Disability in patients with chronic patellofemoral pain syndrome: a randomised controlled trial of VMO selective training versus general quadriceps strengthening.

Syme G, Rowe P, Martin D, Daly G.

This study was a prospective single blind randomised controlled trial to compare the effects of rehabilitation with emphasis on retraining the vastus medialis (VMO) component of the quadriceps femoris muscle and rehabilitation with emphasis on general strengthening of the quadriceps femoris muscles on pain, function and Quality of Life in patients with patellofemoral pain syndrome (PFPS). Patients with PFPS were recruited from a hospital orthopaedic clinic and randomised into three groups: (1) physiotherapy with emphasis on selectively retraining the VMO (Selective); (2) physiotherapy with emphasis on general strengthening of the quadriceps femoris muscles (General); and (3) a no-treatment control group (Control). The three groups were then compared before and after an eight-week rehabilitation period.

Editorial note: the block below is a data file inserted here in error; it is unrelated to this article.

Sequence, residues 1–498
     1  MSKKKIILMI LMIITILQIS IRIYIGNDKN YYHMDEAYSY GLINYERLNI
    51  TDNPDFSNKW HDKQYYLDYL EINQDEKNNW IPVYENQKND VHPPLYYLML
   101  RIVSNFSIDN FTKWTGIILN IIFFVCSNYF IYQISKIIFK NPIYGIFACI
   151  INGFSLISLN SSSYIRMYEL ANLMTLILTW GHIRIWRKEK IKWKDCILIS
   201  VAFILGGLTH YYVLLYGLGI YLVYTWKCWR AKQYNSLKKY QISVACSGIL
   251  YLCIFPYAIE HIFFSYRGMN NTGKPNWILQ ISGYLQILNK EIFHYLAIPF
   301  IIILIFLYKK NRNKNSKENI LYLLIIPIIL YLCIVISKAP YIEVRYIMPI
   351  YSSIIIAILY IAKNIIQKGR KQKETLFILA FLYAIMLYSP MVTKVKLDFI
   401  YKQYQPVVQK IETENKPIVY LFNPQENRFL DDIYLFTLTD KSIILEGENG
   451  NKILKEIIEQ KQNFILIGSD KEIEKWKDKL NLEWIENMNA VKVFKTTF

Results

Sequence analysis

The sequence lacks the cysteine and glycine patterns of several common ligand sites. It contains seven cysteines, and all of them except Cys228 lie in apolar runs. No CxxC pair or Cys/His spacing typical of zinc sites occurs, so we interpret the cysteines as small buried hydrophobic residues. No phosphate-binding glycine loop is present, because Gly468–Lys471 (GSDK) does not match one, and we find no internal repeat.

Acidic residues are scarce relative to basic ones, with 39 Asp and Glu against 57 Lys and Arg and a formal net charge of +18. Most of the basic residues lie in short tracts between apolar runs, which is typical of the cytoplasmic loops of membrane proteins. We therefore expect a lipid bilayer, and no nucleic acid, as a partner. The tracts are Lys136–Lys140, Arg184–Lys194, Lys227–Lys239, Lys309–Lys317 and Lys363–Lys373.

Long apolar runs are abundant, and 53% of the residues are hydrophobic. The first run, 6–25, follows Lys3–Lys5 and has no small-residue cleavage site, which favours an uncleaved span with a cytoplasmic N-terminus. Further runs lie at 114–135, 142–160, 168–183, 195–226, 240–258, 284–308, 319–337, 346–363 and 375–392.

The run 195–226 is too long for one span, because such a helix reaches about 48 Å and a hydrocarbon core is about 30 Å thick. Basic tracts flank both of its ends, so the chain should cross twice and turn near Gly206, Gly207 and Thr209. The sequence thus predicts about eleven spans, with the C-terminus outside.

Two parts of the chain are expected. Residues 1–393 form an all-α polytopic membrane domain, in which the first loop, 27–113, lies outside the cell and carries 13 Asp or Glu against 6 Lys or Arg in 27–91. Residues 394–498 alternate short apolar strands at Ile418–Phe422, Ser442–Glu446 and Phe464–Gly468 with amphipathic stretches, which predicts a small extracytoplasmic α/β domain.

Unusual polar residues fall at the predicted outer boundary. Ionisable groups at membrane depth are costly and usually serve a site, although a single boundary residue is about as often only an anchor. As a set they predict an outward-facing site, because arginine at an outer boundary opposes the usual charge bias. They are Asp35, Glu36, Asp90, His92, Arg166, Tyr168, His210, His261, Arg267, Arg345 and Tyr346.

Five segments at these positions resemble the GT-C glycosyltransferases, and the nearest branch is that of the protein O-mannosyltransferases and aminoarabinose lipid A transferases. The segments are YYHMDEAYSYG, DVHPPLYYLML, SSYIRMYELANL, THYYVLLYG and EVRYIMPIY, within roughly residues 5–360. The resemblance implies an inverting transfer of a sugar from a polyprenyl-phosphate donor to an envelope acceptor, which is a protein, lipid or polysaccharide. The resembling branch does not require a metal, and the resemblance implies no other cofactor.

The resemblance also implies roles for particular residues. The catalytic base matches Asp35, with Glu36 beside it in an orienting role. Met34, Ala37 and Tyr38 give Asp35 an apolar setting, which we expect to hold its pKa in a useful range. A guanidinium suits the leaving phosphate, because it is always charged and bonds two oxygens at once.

The results showed that a large number of PFPS patients can experience significant improvements in pain, function and Quality of Life, at least in the short term, with quadriceps femoris rehabilitation, with or without emphasis on selective activation of the VMO component. Both approaches would seem acceptable for rehabilitating patients with PFPS. It may be appropriate to undertake exercises involving selective activation of the vastus medialis early in the rehabilitation process, however, clinicians should not overly focus on selective activation before progressing rehabilitation, especially in more chronic cases with significant participation restrictions.

Manual Therapy, 2009, 14(3):252-63.

Link to Abstract

Neck Pain

Out of all 291 conditions studied in the Global Burden of Disease 2010 Study, neck pain ranked 4th highest in terms of disability and 21st in terms of overall burden.

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